Bill to criminalize cyberbullying draws bipartisan support

DENVER — Colorado lawmakers gave initial approval to legislation that would make cyberbullying a crime.

Cyberbullying has increasingly become a part of modern childhood where young children have access to social media sites and near constant Internet access on smart phones.

The House Education Committee approved the legislation, HB 1131,on a unanimous bipartisan vote of 12-0.

The bill, which now moves to the House Appropriations Committee, would make it illegal for someone to harass a minor online if the victim feels the threat puts them in serious emotional distress or fear for their life.

“Bullying will never stop if we just stand by and do nothing,” said Rep. Rhonda Fields, D-Aurora, the bill’s sponsor. “Our children need to be free from fear.”

The crime would be added to the state law on harassment as a class 2 misdemeanor.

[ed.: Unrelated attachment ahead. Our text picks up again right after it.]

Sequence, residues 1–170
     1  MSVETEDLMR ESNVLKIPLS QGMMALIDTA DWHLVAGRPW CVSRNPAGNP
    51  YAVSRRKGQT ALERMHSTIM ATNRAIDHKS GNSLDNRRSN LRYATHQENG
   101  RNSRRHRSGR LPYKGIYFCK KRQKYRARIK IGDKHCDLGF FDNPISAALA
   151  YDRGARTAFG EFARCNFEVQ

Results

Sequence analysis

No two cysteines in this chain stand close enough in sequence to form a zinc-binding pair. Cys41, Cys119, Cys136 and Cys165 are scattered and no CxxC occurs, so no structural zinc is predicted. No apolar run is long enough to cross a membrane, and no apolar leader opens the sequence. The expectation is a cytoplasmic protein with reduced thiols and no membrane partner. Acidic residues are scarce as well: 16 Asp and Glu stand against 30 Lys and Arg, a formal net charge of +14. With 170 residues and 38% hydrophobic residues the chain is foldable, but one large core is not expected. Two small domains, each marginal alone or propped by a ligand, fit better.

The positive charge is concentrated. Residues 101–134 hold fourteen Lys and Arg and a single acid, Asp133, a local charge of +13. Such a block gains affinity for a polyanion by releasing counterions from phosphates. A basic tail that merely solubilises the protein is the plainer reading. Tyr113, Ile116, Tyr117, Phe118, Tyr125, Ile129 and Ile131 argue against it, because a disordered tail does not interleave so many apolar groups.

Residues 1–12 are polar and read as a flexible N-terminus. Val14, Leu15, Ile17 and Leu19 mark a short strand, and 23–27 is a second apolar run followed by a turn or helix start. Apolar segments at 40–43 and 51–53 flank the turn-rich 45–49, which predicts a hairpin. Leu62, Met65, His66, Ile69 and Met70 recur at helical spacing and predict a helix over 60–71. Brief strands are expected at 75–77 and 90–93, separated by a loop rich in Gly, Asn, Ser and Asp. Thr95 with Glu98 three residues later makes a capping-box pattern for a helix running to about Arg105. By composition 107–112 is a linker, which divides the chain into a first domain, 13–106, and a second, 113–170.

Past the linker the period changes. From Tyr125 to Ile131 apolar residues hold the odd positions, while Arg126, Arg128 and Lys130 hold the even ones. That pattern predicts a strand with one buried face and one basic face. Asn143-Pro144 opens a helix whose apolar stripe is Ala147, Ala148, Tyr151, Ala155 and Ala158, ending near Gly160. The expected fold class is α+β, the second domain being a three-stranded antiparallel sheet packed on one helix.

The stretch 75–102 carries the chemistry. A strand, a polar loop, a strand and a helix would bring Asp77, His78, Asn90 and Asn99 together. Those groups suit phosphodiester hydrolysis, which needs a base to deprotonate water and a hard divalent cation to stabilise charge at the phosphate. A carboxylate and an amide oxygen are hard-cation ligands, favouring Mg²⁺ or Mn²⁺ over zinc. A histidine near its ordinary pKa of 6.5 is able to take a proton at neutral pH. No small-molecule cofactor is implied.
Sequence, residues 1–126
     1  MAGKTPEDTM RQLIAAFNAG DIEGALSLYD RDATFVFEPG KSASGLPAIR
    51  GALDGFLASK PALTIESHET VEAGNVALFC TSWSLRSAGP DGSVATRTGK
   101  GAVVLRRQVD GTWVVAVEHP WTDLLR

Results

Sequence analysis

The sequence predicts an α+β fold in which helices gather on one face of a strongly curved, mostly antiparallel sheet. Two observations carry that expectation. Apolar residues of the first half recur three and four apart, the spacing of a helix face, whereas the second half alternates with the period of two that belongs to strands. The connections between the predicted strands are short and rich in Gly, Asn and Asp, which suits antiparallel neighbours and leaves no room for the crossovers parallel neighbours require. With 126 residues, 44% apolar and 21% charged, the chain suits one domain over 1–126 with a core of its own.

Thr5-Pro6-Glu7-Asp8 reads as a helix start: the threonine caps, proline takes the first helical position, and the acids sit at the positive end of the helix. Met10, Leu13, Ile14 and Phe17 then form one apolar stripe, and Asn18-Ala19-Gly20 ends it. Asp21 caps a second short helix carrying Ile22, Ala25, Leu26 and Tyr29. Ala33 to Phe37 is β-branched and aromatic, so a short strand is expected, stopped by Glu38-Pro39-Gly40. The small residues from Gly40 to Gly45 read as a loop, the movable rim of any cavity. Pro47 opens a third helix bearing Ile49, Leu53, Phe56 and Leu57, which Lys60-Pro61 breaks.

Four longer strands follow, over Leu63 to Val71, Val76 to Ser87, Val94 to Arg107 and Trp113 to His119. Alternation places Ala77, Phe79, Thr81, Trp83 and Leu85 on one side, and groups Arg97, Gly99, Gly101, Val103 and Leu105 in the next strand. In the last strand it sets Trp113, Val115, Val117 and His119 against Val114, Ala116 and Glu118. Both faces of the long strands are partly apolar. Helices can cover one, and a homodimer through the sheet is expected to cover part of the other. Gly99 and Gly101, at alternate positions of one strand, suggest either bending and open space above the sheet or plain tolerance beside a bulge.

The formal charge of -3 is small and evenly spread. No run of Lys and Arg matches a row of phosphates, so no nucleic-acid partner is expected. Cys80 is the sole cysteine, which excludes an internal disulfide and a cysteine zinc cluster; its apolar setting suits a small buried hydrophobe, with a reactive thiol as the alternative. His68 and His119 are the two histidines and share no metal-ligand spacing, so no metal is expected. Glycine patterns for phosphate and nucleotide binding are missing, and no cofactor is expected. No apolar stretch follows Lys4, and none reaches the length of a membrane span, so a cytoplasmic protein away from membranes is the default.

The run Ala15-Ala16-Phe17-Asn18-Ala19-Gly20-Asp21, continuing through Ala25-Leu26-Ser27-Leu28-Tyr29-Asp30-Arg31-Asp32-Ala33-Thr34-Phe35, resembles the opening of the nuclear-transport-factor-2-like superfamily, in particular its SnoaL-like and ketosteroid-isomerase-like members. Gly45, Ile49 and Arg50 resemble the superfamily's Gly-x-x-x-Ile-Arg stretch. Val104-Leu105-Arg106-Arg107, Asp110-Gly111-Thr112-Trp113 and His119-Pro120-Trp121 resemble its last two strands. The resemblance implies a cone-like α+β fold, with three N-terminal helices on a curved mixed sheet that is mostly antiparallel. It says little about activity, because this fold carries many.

A number of teens described their experiences of being bullied before lawmakers Monday afternoon.

“I’d get it at school and then log on to the internet when I got home and see it there too, just all this hatred, things like ‘no one wants you there, it’d be better off if you just killed yourself’,” Ashley Berry told FOX31 Denver.

“It makes you feel like no one’s really there for you. You start to have suicidal thoughts, wondering maybe it would be better if I wasn’t here. It makes you feel alone and like no one is there for you.

“If this bill passes, at least we’ll know that even if our parents or our teachers aren’t listening, the state will be there for us.”

Highlands Ranch mother Naomi Lowell told us in November about the bullying her 13-year-old daughter received.

Messages sent to her Facebook page included threats and “awful stuff like, Go kill yourself,” Lowell said.

Lowell said she was able to work with her daughter’s school to stop the bullying.  That is often the only course available to parents whose children have been bullied.

Some district attorney’s have filled harassment charges in cases of extreme bullying. However, statutorily, the crime can be difficult to prosecute. The new Colorado law is intended to fix this.